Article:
D M Rowe, E J Denton, Robert S Batty

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Herring (Clupea harengus L.), swimming freely, were recorded on high-speed video and the positions of their heads found at 5 ms intervals. The displacements, velocities and accelerations of various positions along the head were estimated. An analysis of this data showed that, with continuous swimming, the lateral motions of the head could be described reasonably well as the sum of side-slip movements (with equal lateral displacements for all points along the length of the head) and yawing movements around a pivoting position, P, on the mid-line of the head, about 16%-18% of the body length of the fish from the snout. The phases of the lateral displacements due to yaw were close to those of the lateral velocities at P; the lateral displacements and velocities, both being measured in a direction perpendicular to that in which the fish was moving. The lateral velocities were in good agreement with the products of the steady forward velocity of the fish U and the angle alpha (in radians) between the direction in which the head was pointing and the direction in which the fish was swimming. The angular velocity, OMEGA, of the turning of the head was close to being equal to 0.87A/U, where A is the acceleration of the head at P in the direction perpendicular to that in which the head was pointing. OMEGA and A were in phase. These facts give support to a theory described by Lighthill in the preceding paper on how clupeids might 'turn their heads' during swimming so as to swim more economically and diminish the large stimuli that a fish's own movements would otherwise give to the receptor organs of the lateral line system. An analysis of data taken from earlier work on cod (Gadus morhua) by J. J. Videler and C. S. Wardle, and on bream (Abramis brama) by R. Bainbridge, showed that these fish probably make head movements with the same properties.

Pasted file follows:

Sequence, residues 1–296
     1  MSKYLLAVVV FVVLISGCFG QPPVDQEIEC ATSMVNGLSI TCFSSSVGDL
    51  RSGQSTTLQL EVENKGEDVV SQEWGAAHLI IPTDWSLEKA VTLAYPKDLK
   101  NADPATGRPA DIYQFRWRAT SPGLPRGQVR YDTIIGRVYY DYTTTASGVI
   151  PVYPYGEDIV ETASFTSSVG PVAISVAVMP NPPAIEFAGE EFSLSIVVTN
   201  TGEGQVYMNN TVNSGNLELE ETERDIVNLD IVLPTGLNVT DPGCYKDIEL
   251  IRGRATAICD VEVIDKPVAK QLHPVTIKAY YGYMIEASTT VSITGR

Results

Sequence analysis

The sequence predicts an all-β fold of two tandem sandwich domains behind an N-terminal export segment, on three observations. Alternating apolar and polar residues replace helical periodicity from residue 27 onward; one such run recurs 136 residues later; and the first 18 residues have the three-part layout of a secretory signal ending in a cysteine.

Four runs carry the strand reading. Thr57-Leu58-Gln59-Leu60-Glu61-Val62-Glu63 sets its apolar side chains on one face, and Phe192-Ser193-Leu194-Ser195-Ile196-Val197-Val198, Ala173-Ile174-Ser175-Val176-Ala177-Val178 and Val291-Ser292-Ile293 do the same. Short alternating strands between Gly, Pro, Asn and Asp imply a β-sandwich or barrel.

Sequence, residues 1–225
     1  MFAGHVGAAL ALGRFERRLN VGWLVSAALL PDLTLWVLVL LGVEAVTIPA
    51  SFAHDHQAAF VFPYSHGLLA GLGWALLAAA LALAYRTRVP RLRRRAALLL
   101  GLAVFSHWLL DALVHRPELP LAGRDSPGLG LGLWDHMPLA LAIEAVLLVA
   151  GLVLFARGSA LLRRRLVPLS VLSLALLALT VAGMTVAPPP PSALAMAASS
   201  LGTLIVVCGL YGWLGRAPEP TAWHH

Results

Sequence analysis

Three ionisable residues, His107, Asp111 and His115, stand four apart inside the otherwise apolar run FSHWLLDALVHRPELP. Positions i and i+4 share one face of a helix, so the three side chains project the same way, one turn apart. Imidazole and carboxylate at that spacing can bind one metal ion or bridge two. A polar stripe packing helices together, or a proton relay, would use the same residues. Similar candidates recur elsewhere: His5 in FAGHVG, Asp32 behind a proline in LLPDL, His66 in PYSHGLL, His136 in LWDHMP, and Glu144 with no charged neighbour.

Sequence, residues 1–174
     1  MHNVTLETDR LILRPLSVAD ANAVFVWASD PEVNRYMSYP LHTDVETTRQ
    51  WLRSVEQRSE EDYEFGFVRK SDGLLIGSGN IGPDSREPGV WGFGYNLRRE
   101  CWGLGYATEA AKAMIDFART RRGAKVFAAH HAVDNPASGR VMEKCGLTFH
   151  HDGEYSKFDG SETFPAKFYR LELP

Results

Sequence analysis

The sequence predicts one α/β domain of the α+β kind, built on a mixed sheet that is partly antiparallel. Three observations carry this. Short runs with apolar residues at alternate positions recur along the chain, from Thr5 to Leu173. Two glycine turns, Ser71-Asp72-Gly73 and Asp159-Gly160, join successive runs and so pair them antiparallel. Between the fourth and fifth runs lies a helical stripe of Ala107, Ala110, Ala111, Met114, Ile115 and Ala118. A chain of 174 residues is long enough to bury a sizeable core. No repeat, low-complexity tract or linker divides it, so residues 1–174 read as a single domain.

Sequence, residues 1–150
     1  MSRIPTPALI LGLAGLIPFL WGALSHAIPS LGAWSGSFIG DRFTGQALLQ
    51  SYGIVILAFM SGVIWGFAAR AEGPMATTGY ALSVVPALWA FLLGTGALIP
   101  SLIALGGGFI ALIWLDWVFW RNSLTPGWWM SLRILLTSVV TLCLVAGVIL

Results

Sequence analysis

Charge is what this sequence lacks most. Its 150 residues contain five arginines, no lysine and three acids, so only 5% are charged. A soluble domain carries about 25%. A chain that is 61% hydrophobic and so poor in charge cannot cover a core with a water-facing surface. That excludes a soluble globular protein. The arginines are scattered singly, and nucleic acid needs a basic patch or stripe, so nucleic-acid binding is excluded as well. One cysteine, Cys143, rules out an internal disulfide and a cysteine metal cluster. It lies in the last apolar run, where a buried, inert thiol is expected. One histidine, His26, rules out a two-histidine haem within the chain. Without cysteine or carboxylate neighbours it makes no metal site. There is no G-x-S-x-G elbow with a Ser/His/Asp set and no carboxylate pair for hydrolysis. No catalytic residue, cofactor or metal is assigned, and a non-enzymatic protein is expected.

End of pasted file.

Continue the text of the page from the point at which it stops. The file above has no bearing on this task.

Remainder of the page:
Original languageEnglish
Pages (from-to)141-148
Number of pages8
Issue number1296
Publication statusPublished - 1993


  • Biology


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